Courage, Compassion, Gratefulness and Hope
A Message From Head of School Jon McGee
Dear Saint John’s Prep Families, Alumni and Friends,
We pray this note finds you and your family well during these trying times. Thank you for your ongoing support of our school and our students. We appreciate your warm messages of care and concern.
Today, Friday, March 27, we completed our second week of online instruction. We are among the first secondary schools in Minnesota to be fully online. Our faculty and staff have rolled up their sleeves and committed themselves to providing our students with the very best academic experience and emotional support they can during this disruptive time. Our residence hall, Saint Michael Hall, remains open as we strive to meet the continuing needs of our boarding students.
You’re welcome to visit our webpage about our actions and response to coronavirus (COVID-19) as we share updates with our family and community.
Our highest priority is the well-being of our students, faculty, staff and families. In particular, we understand the impact and sacrifices our young people are making as they finish their semester at home without the close contact of friends and teachers. Head of School Jon McGee shared the following message with our students this week. This message of courage, compassion, gratefulness and hope may resonate with you as well. We will continue to pray for you and welcome your prayers for our school community.
A Message To Students From Head of School Jon McGee
You cannot swim for new horizons until you have courage to lose sight of the shore. William Faulkner
Some days, doing the ‘best we can’ may still fall short of what we would like to be able to do, but life isn’t perfect – on any front – and doing what we can with what we have is the most we should expect of ourselves or anyone else.
Dear Prep Students,
We have sent you many messages recently, mostly describing changes we have enacted at school in response to the COVID-19 pandemic and describing how your classes will work in the coming days and weeks. We have tried to prepare you for what clearly are significant changes to your school life. All of that is well and good. But we have not yet written directly to you as young people wrestling with how to deal with changes you never wanted. And I apologize for that.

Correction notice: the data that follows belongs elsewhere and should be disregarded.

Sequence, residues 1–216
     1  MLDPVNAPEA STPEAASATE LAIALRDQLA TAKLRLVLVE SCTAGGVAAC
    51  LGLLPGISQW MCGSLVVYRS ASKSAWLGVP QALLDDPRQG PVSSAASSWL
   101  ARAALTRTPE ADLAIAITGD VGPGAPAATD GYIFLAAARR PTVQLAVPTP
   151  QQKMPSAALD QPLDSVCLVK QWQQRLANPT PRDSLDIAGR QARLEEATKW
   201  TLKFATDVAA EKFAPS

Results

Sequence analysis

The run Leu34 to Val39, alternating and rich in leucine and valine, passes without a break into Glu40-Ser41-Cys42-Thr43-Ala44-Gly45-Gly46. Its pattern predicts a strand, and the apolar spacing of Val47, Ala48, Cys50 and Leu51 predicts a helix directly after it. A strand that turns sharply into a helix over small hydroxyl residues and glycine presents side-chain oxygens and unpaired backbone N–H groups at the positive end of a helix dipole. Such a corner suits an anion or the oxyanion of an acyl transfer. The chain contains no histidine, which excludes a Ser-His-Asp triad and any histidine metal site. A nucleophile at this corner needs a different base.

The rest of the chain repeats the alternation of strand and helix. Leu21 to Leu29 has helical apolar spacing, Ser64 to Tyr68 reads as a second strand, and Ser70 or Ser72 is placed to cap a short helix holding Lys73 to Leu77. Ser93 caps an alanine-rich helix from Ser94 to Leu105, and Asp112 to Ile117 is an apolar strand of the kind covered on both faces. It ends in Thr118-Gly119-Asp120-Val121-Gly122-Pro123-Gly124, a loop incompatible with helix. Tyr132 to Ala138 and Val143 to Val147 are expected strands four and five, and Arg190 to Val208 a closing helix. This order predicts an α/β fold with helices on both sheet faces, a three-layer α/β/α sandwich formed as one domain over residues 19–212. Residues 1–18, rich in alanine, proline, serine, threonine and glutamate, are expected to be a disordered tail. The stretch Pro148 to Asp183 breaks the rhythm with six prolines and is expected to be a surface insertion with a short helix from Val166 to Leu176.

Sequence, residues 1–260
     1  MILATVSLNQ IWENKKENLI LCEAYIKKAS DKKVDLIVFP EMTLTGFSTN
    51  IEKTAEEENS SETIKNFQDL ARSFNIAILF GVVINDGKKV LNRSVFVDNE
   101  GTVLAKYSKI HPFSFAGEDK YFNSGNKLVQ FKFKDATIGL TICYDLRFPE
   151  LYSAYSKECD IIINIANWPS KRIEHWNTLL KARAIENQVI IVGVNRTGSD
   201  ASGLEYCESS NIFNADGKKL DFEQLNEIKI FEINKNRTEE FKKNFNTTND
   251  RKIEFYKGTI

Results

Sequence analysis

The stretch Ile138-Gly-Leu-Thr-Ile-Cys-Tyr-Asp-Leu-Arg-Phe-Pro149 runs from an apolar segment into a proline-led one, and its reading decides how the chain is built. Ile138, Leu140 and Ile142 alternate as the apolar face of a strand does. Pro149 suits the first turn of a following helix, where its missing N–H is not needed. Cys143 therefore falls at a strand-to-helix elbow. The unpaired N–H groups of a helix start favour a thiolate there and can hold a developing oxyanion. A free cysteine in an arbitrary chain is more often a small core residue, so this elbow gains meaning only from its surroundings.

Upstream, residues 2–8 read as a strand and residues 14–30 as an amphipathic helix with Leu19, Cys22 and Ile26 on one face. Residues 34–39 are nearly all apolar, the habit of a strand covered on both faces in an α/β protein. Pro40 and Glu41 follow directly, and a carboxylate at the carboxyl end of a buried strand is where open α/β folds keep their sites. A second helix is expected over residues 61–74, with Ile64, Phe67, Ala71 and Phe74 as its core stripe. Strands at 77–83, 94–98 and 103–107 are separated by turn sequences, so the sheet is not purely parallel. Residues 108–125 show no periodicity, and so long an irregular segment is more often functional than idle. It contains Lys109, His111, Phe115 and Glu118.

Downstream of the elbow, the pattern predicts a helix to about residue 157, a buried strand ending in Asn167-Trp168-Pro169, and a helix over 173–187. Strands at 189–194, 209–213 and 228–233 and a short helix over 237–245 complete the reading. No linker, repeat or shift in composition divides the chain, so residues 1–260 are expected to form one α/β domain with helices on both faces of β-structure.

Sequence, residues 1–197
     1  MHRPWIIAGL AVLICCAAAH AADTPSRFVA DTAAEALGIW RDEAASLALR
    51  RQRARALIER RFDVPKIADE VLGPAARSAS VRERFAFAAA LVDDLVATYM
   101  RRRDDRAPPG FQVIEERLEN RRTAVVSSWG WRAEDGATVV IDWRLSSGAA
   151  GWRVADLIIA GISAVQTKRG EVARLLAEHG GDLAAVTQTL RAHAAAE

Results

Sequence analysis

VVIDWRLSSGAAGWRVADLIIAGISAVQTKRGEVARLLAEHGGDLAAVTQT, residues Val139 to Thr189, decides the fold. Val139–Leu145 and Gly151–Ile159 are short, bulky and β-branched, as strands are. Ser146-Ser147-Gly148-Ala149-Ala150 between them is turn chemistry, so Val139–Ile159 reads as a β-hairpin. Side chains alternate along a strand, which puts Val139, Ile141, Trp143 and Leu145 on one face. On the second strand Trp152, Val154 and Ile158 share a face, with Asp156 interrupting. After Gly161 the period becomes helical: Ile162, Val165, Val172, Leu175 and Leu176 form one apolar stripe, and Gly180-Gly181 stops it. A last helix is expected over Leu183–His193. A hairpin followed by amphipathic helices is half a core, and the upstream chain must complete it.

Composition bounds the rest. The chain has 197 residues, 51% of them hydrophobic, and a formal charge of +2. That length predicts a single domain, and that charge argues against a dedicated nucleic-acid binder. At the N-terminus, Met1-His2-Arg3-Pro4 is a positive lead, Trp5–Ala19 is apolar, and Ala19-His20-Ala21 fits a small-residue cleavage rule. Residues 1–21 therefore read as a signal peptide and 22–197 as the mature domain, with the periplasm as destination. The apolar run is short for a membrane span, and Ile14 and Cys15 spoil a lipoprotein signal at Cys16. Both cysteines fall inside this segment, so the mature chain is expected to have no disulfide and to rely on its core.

I apologize that your year has changed so dramatically and abruptly. None of us imagined anything like this. Just a few weeks ago, social distancing was unthinkable. Then it became inconvenient. And now it is life-changing (and, just as much, life-saving). You – and our seniors in particular – are entitled to grieve for what could have been or should have been. Our faculty and staff grieve with you.
This is my first year as Head of School, the greatest job I have ever had. It has been a remarkable year. You are amazing. Smart. Curious. Talented beyond anything I could have dreamed of at your age. Funny. Engaged. It is a great privilege to have the opportunity to be a part of your lives. Like you, I too feel robbed of the happy year-ending we all expected as a matter of course.
This pandemic will have long and far-reaching effects. It will in many ways redefine our lives. That happens with all great historic moments. But if you look beyond the loss of the familiar or expected, you will see that you now have a choice. You can let this moment define you. Or you can define this moment for yourself. I encourage you to choose the latter. Choose this moment to reflect and learn and grow. Keep four things in mind as you do:
• Courage. I have lived long enough (though I might not be as old as you think) to know that life very often is what happens in between our plans. It’s rarely a straight path. It takes courage to live, to navigate the forks in the road. In the face of fear and uncertainty, choose to live with courage and conviction. Live as if your life matters as much today and tomorrow as it did yesterday. It does.
• Compassion. Without doubt, this pandemic will impact many people in many different ways. The Rule of Benedict provides wonderful guidance for us: “Never give a hollow greeting of peace or turn away when someone needs your love.” (RB 4:25-26) Think kindly of others. Reach out to those who need you. Focus on empathy rather than judgment. Live compassionately. Leave the people you meet better off for having encountered you. Love something greater than yourself.
• Gratefulness. It is very easy to get lost in what we have lost, what should have been, what was rightfully mine. Find your way out of that kind of thinking. This also is a time to reflect on all that we have, all that is good, and all that is wonderful – and hopefully find space in our hearts to simply be grateful. For family, friends, our homes, our lives.
• Hope. This is perhaps the greatest tool you have for moving beyond the fears and challenges of the moment. Saint Benedict’s Rule calls us to wake up and “run while you have the light of life.” (RB Prologue) You have decades and decades of living in front of you. Now is not the time to stop imagining and dreaming. Dream away. Everything remains possible. Live forward. Keep running toward your future. It’s waiting for you to make it.
Like you, I grieve what we have lost. Like you, I sometimes find the changes and challenges of the recent days frightening. But I am convinced that far better days await. Try not to make this your scariest hour, but rather your finest hour. The flame of your future will burn as brightly as you stoke it. And know that our support and prayers will be with you throughout.
Head of School